Meanwhile progress has been made getting ships through the port. The number of vessels waiting in San Pedro Bay, which was as high as 109 in January, had been worked down to 18 in July. The port had also been making progress in getting containers out of terminal yards and onto trucks or trains. Earlier in the year, long-dwelling containers at both the Long Beach and Los Angeles ports had declined by about 25% compared to last October. But the number of excessively delayed containers is on the rise again. As of mid-July, there were nearly 29,000 containers dwelling at Long Beach nine days or more, an increase of 9% from October 2021.
The problem is especially worrisome on the rail side. “Lack of rail capacity is impacting the movement of IPI [inland point intermodal] cargo, those containers earmarked to move by rail,” says Cordero. “That’s a primary concern. The average dwell time is up to about 10 days for a rail container.”
Nevertheless, Cordero is optimistic about the remainder of the year. Southern California’s ports move some 20 million containers annually, “and one thing we know for sure is that number is not going to get any smaller,” he says.
East Coast: A “staggering” increase
Volumes are also increasing at a high rate at East Coast ports. The Port Authority of New York & New Jersey is handling 33% more containers than it was during the same period in 2019, according to Beth Rooney, who was recently named director of the port department. “That staggering increase … is a picture of what it is that the entire supply chain and all of the various nodes and links are trying to handle and absorb,” she noted.
One factor that Rooney says likely contributed to the port’s volume growth in May was shippers rerouting freight from the West Coast out of concern about potential labor disruptions there. The International Longshore & Warehouse Union and the Pacific Maritime Association are currently in the midst of contract negotiations. Rooney notes that by her staff’s calculation, 6.5% of the port’s growth through May represented cargo rerouted from the West Coast. “When you look at the total import volume growth of 11.5%, that’s a good chunk,” she says.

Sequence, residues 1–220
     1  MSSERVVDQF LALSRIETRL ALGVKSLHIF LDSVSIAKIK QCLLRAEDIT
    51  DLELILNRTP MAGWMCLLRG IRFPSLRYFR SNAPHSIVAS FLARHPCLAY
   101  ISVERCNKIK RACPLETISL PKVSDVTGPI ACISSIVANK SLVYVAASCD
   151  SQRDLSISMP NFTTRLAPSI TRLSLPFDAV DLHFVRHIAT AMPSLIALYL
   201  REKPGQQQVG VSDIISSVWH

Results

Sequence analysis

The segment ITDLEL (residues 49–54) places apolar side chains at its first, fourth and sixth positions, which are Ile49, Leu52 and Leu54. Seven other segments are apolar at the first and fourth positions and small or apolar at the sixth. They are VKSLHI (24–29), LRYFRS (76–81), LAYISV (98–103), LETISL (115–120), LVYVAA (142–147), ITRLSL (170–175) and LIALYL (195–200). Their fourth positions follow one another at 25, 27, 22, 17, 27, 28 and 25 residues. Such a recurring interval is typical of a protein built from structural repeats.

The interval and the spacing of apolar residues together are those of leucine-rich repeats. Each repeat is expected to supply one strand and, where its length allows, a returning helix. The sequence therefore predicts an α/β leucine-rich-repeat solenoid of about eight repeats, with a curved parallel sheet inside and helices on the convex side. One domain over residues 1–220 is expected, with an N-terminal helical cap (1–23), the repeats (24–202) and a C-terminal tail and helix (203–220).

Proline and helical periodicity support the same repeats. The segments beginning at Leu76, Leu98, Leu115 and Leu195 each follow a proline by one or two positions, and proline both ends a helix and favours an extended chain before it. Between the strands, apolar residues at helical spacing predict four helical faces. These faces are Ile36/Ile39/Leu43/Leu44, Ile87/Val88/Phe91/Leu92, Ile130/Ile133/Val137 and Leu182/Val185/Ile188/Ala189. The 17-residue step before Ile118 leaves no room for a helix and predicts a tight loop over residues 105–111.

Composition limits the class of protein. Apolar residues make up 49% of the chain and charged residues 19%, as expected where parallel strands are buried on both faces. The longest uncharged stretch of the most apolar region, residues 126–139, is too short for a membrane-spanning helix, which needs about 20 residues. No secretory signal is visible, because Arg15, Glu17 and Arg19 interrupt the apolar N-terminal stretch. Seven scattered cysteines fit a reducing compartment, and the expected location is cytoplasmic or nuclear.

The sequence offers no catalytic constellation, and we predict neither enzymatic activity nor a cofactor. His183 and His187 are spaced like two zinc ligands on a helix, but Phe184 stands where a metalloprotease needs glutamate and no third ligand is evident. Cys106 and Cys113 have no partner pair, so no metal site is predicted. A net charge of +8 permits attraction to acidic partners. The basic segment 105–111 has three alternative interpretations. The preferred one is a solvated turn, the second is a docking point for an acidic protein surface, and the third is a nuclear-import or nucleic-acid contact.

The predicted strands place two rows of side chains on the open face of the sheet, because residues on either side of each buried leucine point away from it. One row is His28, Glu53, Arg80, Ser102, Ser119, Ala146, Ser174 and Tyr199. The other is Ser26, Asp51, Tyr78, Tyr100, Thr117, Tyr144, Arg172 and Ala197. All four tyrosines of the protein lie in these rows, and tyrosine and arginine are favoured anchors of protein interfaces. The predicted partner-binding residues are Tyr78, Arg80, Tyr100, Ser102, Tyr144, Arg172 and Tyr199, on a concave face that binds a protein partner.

That volume increase is having a significant effect on the port’s operations. In May, some 107 ships had to wait at anchor for a berth. The average wait time was 4.5 days, up from the year-to-date average of 3.8 days. Container dwell time remains an issue, with some import containers sitting in the terminals two and three times the three- to four-day average. “Empties are piling up at the terminals,” Rooney said. “Ocean carriers are working to reduce the number of empties in the facilities, but it’s not enough and it’s not fast enough.” The port’s trucking partners are sitting with empties with no place to return them, “so the chassis is not available to pick up the next import container,” she said.
The port is getting creative in finding off-terminal space for empty containers. One new empty container depot was created by relocating automobiles formerly stored there. Another was developed by consolidating multiple areas where commodities were staged into one, freeing up more space for empties.